Agilent IM-QTOF System
The Agilent IM-QTOF system provides the following:
Ion mobility resolving power of greater than 60
Automated calculation of accurate collision cross sections (~ 1%) without theneed for calibration standards
High sensitivity for trace level compounds
Sophisticated data browsing and mining tools
Figure 1. Schematic diagram of the ion mobility instrument. Ions generated in the source region arecarried into the front ion funnel through a single bore capillary. The front ion funnel improvesthe sensitivity by efficiently transferring gas phase ions into the trapping funnel while pump-ing away excess gas and neutral molecules. The trapping funnel accumulates and releasesions into the drift tube. The drift cell is ~80 cm long and generally operated at 20 V/cm driftfield. Ions exiting the drift tube enter the rear ion funnel that efficiently refocuses and transfers ions to the mass analyzer.
As shown in Figure 1, the Agilent ion mobility system consists of a front funnel, trap-ping funnel, trapping gate, drift tube, and a rear funnel that couples through a hexa-pole to the Q-TOF mass analyzer. The front funnel operates at high pressure wherefunnel DC and RF voltages propel ions toward the trapping funnel. The key function ofthe front ion funnel is to enrich the sample ions and remove excess gas.
The continuous ion beam from the electrospray process has to be converted into apulsed ion beam prior to ion mobility separation. The trapping funnel operates by firststoring and then releasing discrete packets of ions into the drift cell.
Ions are separated as they pass through the ion mobility cell based on their size andcharge. Ions with larger collision cross sections undergo higher number of collisionswith drift gas molecules compared to ions with smaller collision cross section.Therefore, larger ions travel through the drift cell slower than the smaller ions. Also,ions with higher charge states experience a higher electric force, and hence travel at ahigher velocity, compared to ions with lower charge states. The drift cell is operatedunder low field limit conditions allowing the instrument to generate accurate struc-tural information for compounds. Under the low electric field conditions the mobility isnot dependent on the electric field but rather on the structure of the molecule and itsinteraction with the buffer gas.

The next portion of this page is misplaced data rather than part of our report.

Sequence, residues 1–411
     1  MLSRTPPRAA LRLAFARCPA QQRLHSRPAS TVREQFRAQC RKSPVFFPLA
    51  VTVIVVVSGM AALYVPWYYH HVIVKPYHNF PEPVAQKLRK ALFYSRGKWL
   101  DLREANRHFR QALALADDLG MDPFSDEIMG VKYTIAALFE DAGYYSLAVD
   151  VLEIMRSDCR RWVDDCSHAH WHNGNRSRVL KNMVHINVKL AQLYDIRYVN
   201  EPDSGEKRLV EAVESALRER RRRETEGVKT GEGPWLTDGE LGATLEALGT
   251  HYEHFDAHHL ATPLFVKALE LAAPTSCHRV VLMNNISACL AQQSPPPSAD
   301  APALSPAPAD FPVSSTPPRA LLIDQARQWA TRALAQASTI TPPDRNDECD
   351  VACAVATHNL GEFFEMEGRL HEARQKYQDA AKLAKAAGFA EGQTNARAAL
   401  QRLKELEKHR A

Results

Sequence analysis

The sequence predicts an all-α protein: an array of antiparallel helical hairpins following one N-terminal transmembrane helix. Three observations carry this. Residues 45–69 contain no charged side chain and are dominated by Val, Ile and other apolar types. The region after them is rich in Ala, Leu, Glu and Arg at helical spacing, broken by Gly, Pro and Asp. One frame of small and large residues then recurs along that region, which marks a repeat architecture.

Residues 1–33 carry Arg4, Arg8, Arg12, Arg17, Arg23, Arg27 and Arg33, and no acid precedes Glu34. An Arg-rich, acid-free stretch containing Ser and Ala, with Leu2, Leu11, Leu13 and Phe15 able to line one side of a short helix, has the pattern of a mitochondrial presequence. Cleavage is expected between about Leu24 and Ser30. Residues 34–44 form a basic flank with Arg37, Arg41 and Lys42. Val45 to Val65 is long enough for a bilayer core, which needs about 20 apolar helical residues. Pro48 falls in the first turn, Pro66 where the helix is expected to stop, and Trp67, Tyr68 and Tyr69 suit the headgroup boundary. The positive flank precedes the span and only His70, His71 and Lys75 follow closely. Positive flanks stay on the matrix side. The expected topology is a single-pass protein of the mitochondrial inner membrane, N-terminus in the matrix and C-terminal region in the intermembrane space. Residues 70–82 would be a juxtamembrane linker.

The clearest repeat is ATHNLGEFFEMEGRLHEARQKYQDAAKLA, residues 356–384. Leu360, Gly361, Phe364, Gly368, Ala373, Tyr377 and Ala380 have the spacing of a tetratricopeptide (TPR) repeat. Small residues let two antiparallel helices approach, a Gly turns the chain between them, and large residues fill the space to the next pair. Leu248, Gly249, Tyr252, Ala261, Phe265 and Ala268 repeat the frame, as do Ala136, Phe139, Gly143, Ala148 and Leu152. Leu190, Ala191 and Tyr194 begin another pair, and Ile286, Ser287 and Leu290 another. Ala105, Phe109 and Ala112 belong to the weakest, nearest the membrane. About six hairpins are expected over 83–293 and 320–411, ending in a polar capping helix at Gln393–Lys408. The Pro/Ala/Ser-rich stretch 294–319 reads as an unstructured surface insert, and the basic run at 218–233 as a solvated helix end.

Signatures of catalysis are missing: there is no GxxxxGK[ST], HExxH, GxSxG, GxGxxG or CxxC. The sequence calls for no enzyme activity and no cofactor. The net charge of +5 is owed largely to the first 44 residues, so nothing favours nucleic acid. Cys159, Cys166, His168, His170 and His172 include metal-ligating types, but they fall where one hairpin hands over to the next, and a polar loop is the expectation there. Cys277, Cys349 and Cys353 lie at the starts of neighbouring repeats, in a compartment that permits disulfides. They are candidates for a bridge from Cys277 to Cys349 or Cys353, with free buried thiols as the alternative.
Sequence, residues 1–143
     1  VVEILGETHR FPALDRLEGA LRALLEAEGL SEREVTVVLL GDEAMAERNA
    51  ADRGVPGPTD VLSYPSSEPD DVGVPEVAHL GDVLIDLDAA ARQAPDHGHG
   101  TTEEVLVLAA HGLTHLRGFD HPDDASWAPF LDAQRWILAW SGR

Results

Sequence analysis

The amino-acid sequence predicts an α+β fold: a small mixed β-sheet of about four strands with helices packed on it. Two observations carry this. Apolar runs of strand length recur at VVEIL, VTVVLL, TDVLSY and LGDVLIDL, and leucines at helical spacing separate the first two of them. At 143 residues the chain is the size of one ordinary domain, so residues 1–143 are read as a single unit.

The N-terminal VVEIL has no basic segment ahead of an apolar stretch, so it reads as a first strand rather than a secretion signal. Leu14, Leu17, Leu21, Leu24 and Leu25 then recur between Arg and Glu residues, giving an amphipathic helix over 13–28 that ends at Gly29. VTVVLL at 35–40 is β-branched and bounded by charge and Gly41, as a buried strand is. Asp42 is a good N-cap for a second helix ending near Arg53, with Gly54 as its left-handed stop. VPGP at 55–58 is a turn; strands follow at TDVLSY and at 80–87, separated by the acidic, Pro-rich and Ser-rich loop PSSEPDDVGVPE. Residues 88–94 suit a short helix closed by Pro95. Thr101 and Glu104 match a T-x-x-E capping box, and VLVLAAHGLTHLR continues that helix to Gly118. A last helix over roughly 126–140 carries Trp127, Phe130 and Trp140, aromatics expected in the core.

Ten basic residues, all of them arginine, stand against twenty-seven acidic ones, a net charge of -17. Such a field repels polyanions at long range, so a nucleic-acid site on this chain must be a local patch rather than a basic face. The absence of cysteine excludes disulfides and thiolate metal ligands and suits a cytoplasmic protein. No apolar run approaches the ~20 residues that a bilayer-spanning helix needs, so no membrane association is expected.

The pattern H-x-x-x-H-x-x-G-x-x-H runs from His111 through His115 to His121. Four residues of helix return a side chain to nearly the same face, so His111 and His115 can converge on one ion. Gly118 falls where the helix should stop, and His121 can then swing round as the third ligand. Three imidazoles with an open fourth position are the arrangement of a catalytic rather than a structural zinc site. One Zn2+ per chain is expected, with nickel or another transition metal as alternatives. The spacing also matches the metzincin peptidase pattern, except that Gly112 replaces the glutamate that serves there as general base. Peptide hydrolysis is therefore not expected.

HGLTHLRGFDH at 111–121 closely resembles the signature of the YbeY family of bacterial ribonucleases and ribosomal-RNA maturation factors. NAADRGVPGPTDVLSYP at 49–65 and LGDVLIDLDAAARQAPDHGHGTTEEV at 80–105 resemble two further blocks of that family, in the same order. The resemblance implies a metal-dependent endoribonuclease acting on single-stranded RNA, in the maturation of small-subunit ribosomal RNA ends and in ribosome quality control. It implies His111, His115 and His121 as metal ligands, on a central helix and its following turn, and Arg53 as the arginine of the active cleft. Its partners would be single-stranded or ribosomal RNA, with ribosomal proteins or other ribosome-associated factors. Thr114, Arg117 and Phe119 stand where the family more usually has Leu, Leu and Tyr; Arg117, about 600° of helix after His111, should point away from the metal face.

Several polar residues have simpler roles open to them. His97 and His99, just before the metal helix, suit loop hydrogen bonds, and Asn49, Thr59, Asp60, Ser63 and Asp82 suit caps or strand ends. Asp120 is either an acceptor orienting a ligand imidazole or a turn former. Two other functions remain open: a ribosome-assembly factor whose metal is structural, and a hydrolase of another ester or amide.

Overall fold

Ions exiting the drift cell are refocused by the rear ion funnel before entering the hexapole ion guide.
Front funnel Trapping gate
Trapping funnel Drift tube Rear funnel
Optimization of Performance - Drift Time Resolution
For ion mobility spectrometry, drift resolution depends on diffusional peak broadening,width of the initial ion packet, and space charge effects. The most important of thesethree factors is diffusional peak broadening. The diffusion limited resolving power isdependent upon the length (L) of the drift cell, electric field (E), charge state of theanalyte ions and the buffer gas temperature. Longer drift tubes allow ions to drift for alonger period of time, which results in better ion separation and drift resolution.
The Agilent ion mobility drift tube length is approximately 80 cm, and designed to opti-mize drift resolution and minimize signal loss. Use of a nitrogen buffer gas providesrobust operation at higher drift tube voltages and provides drift resolutions of greaterthan 60 for small and large molecules.
Another factor contributing to higher drift resolution is the width of the initial ionpacket. This instrument uses a double grid trapping funnel device to optimize forhigher ion capacity and narrower ion packets. Setting appropriate ion gate pulse timeswill determine the number of ions contained in the ion packets which are subse-quently injected into the ion mobility cell. The pulse times are typically in the range of60 to 100 milliseconds.
R = =tD
526.8 527.2 527.6 528.0m/z
528.4 528.8 529.2 529.6
528.0 528.5 529.0 529.5
Figure 2. Separation of isobaric tri-saccharides using the IM-QTOF. A 1:1 mixture of melezitose and raffinose was infused using a syringe pump. These two carbohydrates can be baseline sepa-rated using the ion mobility drift cell and detected using the Q-TOF mass analyzer as sodiumadducts. The ion mobility resolving power for this separation is 60.